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Sanjuro [Blu-ray]

Yji Oda , Makoto Fujita , Yoshimitsu Morita    Unrated   Blu-ray
5.0 out of 5 stars  See all reviews (1 customer review)
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1 of 1 people found the following review helpful
5.0 out of 5 stars 30-year-old camellia May 16 2010
He's a nameless, grizzled man who wanders through 1800s Japan. Think Clint Eastwood with a topknot.

And the sequel to Akira Kurosawa's classic "Yojimbo" is very different in tone -- rather than a straightforward grizzled-anti-hero-cleans-up-the-town tale, it's a comic story about the unnamed hero getting stuck on a ship of fools, and having to unravel a small-time political conspiracy. While it's Kurosawa's lightest samurai movie, it's still a solid action/drama flick with plenty of comedy sprinkled in.

A gang of idealistic young nobles are gathered in a decaying house, talking about how they are trying to battle local corruption. Suddenly a scruffy warrior (Toshir Mifune) who calls himself Sanjr Tsubaki (basic translation -- 30-year-old camellia... going on forty), appears and tells them who is lying and who isn't -- and that after confiding in the treacherous superintendant, they're being set up for an ambush.

After he saves their butts and drags the none-too-bright young men into hiding, he begins concocting a plan to save one young man's uncle, who is being held as a political hostage. After rescuing the lord's wife and daughter, Sanjuro and his band of fools continue with their plots to save him from the evil superintendant -- and he teaches his bumbling co-conspirators that exalted social position isn't what keeps you alive...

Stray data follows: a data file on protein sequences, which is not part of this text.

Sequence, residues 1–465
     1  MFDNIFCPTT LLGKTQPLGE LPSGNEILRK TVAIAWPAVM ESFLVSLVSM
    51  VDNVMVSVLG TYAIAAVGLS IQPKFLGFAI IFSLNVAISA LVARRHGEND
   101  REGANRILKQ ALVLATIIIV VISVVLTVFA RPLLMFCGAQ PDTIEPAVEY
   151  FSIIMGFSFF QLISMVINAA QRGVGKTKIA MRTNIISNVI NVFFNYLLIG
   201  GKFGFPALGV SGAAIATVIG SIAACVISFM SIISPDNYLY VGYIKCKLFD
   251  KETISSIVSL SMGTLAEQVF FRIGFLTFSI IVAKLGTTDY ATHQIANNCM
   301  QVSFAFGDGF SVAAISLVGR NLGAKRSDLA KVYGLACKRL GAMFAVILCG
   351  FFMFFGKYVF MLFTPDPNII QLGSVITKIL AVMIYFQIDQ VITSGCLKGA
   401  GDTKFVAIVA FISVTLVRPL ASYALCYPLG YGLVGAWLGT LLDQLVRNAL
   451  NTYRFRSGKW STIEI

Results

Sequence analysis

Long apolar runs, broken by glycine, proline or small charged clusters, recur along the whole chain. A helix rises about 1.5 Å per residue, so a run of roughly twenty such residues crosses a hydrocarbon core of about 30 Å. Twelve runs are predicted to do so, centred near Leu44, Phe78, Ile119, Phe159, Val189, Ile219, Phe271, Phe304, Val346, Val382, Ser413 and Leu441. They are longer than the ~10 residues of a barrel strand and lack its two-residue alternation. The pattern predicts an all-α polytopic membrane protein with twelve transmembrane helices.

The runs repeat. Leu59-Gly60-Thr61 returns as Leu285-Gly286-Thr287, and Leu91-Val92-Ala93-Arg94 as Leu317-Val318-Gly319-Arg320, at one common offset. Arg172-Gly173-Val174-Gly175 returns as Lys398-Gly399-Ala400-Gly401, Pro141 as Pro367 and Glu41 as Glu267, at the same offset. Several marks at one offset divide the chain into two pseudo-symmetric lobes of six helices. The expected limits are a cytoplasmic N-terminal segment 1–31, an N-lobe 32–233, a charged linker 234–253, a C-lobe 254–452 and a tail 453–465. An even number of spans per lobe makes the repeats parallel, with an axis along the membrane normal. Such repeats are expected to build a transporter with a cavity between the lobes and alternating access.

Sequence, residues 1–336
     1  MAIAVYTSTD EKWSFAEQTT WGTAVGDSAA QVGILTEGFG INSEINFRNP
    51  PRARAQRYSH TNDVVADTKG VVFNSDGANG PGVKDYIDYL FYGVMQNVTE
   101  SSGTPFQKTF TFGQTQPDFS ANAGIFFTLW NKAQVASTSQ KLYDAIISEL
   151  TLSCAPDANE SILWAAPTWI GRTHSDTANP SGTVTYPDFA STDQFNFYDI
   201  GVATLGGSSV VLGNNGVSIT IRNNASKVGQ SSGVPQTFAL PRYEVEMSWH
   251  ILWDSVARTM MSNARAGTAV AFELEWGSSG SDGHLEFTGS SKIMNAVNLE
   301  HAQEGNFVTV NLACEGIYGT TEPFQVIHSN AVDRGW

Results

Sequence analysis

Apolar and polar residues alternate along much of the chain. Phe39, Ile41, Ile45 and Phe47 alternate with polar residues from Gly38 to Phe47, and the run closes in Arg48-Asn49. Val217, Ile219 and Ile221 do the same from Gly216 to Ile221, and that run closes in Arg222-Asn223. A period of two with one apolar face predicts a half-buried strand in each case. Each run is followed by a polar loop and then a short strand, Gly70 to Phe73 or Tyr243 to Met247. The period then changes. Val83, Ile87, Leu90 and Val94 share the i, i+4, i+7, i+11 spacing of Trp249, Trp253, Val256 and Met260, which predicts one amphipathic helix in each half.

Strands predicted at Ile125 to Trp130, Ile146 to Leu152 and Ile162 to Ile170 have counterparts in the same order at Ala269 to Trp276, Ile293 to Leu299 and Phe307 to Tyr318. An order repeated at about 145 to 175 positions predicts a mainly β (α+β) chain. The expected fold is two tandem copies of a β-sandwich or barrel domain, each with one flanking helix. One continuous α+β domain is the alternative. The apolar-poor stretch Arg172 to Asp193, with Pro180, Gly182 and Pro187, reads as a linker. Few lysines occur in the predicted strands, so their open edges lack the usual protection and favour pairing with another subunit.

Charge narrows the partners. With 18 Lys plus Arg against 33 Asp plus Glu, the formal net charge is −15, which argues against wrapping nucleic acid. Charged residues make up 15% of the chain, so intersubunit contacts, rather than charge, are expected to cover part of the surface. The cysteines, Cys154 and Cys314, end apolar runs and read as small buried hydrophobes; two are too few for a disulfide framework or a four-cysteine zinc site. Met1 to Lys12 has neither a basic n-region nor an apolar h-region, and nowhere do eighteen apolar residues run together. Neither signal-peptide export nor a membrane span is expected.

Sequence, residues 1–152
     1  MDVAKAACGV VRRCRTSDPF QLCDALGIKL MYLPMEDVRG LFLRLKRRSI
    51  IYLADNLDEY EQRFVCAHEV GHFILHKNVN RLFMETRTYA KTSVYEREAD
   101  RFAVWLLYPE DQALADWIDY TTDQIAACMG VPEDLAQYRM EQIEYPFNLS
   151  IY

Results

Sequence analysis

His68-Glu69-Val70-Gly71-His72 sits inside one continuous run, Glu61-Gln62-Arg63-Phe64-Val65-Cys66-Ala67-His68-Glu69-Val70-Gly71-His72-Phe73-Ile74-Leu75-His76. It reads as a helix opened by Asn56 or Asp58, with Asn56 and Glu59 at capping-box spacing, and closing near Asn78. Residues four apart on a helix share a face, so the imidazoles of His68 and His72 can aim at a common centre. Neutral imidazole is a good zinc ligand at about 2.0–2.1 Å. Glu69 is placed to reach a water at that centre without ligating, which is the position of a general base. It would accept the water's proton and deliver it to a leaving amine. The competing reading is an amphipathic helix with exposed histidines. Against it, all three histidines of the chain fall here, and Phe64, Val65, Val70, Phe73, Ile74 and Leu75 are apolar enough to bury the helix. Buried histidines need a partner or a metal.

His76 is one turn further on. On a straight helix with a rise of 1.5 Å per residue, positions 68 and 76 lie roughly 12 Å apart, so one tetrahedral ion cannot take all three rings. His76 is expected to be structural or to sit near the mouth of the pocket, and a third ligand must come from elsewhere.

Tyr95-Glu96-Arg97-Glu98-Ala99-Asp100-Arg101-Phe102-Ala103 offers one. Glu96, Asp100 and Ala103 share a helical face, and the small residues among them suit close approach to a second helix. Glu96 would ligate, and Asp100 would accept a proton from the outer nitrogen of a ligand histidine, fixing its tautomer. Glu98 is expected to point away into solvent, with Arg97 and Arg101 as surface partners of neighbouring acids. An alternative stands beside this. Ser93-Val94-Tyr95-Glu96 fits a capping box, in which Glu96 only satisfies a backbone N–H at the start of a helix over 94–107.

Kurosawa isn't known for having made goofball comedies -- he tended more towards action and tragedy -- but there's a definite comic flair to "Sanjuro," from the pampered prisoner offering nuggets of wisdom ("Get back in the closet!" one of his captors yells) to the silent "happy dance" that all the young noblemen do.
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Amazon.com: 3.8 out of 5 stars  8 reviews
4 of 7 people found the following review helpful
5.0 out of 5 stars AMAZING Oct. 7 2011
By Claymation - Published on Amazon.com
Format:Blu-ray|Verified Purchase
This movie speaks for itself. It's pure cinematic artistry from Akira Kurusawa himself. This movie is gorgeous. It's the best looking black & White film I have ever seen. The plot is very interesting & quite humorous despite the characters being faced with death at every turn. GREAT cinematography. When you observe what Kurusawa was able to do back in 60's without modern tech, it really puts most modern directors to shame. Toshiro Mifune is an extraordinarily well rounded actor, and this is my favorite roll of his that I've seen so far. Brilliant.
6 of 11 people found the following review helpful
5.0 out of 5 stars Sanjuurou (Blu-ray) April 2 2010
By Tony Khamvongsouk - Published on Amazon.com
Movie - 4.5